Know more about popular options for Wildlife Safari Tours in India.
A pair of binoculars, a camera – and plenty of patience!
Best season in India
For the big animals, it’s recommended that one visit early on in the year (from March to May). Over winter, there’s comparatively less rainfall, and this elongated dry spell means there is less green cover. Spring and early summer, therefore, is the time of year when wildlife ventures out into the open to look for water. For birding, the winter months – between October and February – are perfect. Do, though, check with the national parks and sanctuaries for details, and to find out which season is peak.
Wildlife Safari sites in India
The states of Madhya Pradesh (Bandhavgarh, Kanha, Pench) and Karnataka (Bandipur) are tiger territory, though the Sundarbans can also offer glimpses of this king of beasts.
To see elephants, head south (Mudumalai, Nagarhole, Bandipur, Wayanad Wildlife Sanctuary); the Nilgiri Biosphere Reserve, incorporating these sanctuaries, and straddling the gorgeous Nilgiri Hills, has a sizeable population of elephants. Up north, Corbett and Rajaji (Uttarakhand) also have a sprinkling of pachyderms.
For leopards, visit Bandhavgarh. The majestic Asiatic lion can be easily spotted at Gir National Park, while the wonderfully elusive snow leopard can be found (if you’re lucky) in the Himalayas (try Govind Wildlife Sanctuary & National Park, in Uttarakhand – you’ll also see bears, of both the black and brown variety, here). For the one-horned rhino, of course, Kaziranga (Assam) is the place to be.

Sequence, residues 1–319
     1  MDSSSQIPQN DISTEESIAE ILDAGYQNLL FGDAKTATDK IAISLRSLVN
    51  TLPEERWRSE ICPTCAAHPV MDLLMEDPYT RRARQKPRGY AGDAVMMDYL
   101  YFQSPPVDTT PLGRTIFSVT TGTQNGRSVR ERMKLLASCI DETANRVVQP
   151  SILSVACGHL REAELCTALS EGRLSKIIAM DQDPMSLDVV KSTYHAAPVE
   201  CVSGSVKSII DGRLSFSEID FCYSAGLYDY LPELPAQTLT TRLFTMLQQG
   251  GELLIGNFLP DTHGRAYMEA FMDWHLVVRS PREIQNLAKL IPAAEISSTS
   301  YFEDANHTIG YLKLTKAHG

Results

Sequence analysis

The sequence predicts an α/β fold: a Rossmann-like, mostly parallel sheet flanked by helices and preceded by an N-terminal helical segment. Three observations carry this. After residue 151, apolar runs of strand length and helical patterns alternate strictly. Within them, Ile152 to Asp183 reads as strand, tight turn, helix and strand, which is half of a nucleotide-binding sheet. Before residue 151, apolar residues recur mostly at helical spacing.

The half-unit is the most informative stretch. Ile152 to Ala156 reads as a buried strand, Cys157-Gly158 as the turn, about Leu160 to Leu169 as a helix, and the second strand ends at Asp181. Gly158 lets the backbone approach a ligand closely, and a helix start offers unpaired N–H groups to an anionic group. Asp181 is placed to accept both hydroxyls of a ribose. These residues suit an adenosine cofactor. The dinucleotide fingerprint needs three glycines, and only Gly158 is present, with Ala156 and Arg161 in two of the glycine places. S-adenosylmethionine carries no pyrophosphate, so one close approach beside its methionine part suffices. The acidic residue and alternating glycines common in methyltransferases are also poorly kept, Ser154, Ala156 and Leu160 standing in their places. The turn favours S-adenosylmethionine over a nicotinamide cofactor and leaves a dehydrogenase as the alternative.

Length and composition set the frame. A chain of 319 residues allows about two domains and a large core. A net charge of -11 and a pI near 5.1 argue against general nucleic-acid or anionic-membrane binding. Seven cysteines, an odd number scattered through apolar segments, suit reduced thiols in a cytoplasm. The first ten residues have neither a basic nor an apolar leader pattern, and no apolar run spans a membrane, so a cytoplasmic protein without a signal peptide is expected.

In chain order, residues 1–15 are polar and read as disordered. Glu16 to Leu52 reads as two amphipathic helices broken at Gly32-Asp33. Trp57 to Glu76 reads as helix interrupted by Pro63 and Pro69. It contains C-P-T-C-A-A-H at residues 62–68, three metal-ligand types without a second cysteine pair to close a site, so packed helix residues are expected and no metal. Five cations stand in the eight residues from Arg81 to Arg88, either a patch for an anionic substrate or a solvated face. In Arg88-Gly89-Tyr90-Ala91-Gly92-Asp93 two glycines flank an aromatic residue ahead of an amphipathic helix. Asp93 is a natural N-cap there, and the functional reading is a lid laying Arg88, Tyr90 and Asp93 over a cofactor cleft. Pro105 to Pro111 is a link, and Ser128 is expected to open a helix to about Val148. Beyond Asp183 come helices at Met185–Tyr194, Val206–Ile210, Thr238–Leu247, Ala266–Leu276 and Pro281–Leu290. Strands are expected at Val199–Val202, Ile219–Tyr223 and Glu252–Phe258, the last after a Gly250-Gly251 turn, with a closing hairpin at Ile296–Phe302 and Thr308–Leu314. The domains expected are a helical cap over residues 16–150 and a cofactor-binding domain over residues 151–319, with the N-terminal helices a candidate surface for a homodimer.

If you’re a birder on the lookout for iconic species, make your way to Nalsarovar Bird Sanctuary (Gujarat) for the flamingo (and other wetland birds); to Keoladeo (Rajasthan) for the dreamy spectacle of flocks of migrating birds (and parakeets and sunbirds); and to Vedanthangal Bird Sanctuary (Tamil Nadu) and Ranganathittu Bird Sanctuary (Karnataka) for water species like cormorants, herons, ibises and storks (among others).
To get the most out of your wildlife safari, it’s advisable to arrange for a decent guide who knows his or her surrounds. A good, knowledgeable guide is hard to find but if you make the effort, it will add appreciably to your safari experience. If you’re taking your own vehicle, make sure to check with the park authorities whether it is allowed – some parks are strict about which type of vehicle can enter the premises.
Lastly, with it being likely that you will be out and about for a fair amount of time, do carry water, food and sunscreen with you.
There’s no medical condition that will stop the nature and wildlife enthusiast from going on a safari – so long as the sudden appearance of a beast of the wilds doesn’t get your nerves jangling, or your heart pounding too much!
Since you’re out in the open, in the territory of the animal kingdom, please respect the wild inhabitants and their habitats. Do not litter, and be as discreet as possible – switch off mobile devices, keep your voice low, and click photographs at a respectful distance so as not to disturb the animals. Remember, you’re on someone else’s patch!